International Day of Prayer against Sex Trafficking: Feb 8

February 8: International Day of Prayer and Awareness against Human Trafficking

The Pontifical Council for Justice and Peace and the International Union of Superiors General has designated February 8 as an annual day of prayer and awareness against human trafficking. February 8 is the feast day of St. Josephine Bakhita, who was kidnapped as a child and sold into slavery in Sudan and Italy. Once Josephine was freed, she became a Canossian nun and dedicated her life to sharing her testament of deliverance from slavery and comforting the poor and suffering. She was declared a Saint in 2000.

On February 8, Catholics all over the world are encouraged to host or attend prayer services to create greater awareness about this phenomenon. Through prayer, we not only reflect on the experiences of those that have suffered through this affront to human dignity, but also comfort, strengthen, and help empower survivors.

Read the rest of the story here.

Homily for Sunday, March 9, 2014

Readings for Today

There are certain events in yyour life, of course, that you never forget.  For example, the birth of a child or your wedding day.  My Ordination Day, when I became a priest was such a day for me.

One event that stands out in my mind that day was a conversation with one of my favorite aunts.  She was quite the character, always making me laugh and being concerned that the “cousins” were having a great time.  I remember trips to her house and summers on the lake as some of the fondest memories I have of growing up.

She was, however, a character.  to give you an example, I remember one Easter Satruday, at her house, where all day she said, “oh, I have to get Easter candy.”  The whole day played out like this, until ten minutes before the department store closed she left, to be found banging on the doors of the department store asking to get in to buy candy.  (They obliged.)

But there was one encounter that I had with her on the day of my ordination that I will never forget, and in many respects, has been a guiding principle of my life.  We were alone for a moment, and she said to me, “Father (only time she called me that), remember, life is hard.  Be good to us.”

The gospel for the First Sunday of Lent always features one of the accounts of the temptation of Jesus in the desert.  Early in his ministry, Jesus is confronted with those things that could lead him away from his important mission .  Take the easy way.  Put God to the test.  Seek glory and fame.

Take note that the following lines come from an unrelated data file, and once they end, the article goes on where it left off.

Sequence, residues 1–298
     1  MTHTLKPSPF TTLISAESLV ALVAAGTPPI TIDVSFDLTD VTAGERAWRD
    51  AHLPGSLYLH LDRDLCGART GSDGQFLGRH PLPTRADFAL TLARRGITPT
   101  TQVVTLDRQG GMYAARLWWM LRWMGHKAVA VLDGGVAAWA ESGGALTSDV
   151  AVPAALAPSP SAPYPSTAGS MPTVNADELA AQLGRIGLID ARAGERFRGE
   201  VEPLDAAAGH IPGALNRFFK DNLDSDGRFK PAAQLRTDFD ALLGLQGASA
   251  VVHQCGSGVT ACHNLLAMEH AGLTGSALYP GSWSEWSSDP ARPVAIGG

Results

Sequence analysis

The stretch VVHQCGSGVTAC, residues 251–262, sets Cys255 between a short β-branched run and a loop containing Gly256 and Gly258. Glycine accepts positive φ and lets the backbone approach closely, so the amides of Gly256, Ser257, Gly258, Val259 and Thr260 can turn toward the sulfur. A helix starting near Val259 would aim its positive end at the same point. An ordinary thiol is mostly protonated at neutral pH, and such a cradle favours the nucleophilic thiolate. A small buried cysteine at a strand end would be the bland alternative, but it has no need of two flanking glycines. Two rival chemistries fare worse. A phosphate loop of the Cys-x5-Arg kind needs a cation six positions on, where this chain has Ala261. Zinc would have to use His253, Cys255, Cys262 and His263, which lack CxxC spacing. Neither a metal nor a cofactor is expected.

For us, I think this reading is placed here because it is important to note that our lives, too are filled with temptations as well.  What is yours?  For some, it is to want to gather lots and lots of material things.  You know the old saying, “The one with the most toys wins.”  Yet we live in a world of unbeliveable poverty.  For others, it is to dull the pain of life with alcohol, drugs, or porn.  For still others, it may be the constant need to be the center of attention, or to be always successful, even if such success comes at the expense of others.  It may be that we struggle to turn our back on the poor, or to try to understand that coworker that is difficult, or the relationship in our family that has been broken for too long.

The season of Lent is a time to remove what keeps us from Christ, to sacrifice, not as a test of will power, but rather as a mechanism to bring us closer to Jesus.

This story of Jesus’ temptation is interesting because it is the Spirit that leads Jesus into the desert.  We may think it is strange that the Spirit of God would lead Jesus into the desert. But these tempations are not simply with Jesus for just today.  They follow him throughout his public ministry.  (Remember Jesus’ sharp words to Peter, “Get behind me Satain!”)

It is also important for us to name our temptations.  When we can name them, it is more likely we control them, and not the other way around.  This brings the freedom of following God, which enables us to be ourselves.

And yet, perhaps this encounter, and the knowledge that Jesus could overcome it, was the reason he was led.  We of course, since we are not the Son of God, do not have such strength, and hence we pray, “lead us not into temptation”, knowing that we need the strength of God’s grace to be drawn ever closer to him.

The parish provides us with many opportunities to open our hearts to God.  If you find yourself with too much clutter, perhaps the 40 bags (or items) in 40 days are a way to simplify your life.  Every Friday we are invited to the Stations of the Cross to remind ourselves of the great self gift of Jesus that leads us to salvation.  Sacrifice is not always attractive, but we know that in most of the important relationships, if there is to be a successful relationship, then it involves sacrifice.

You might think feeding the hunger of stomach and sould on Wednesdays at 6, with Soup and Substance.  It has been so successful in the past that I am confident it will help again this year.

Whatever it is you do, do so with the heart that is open to the Spirit, knowing that we may be led whrere we do not want to go.  But as long as we have the companionship of Jesus, we will always be ok.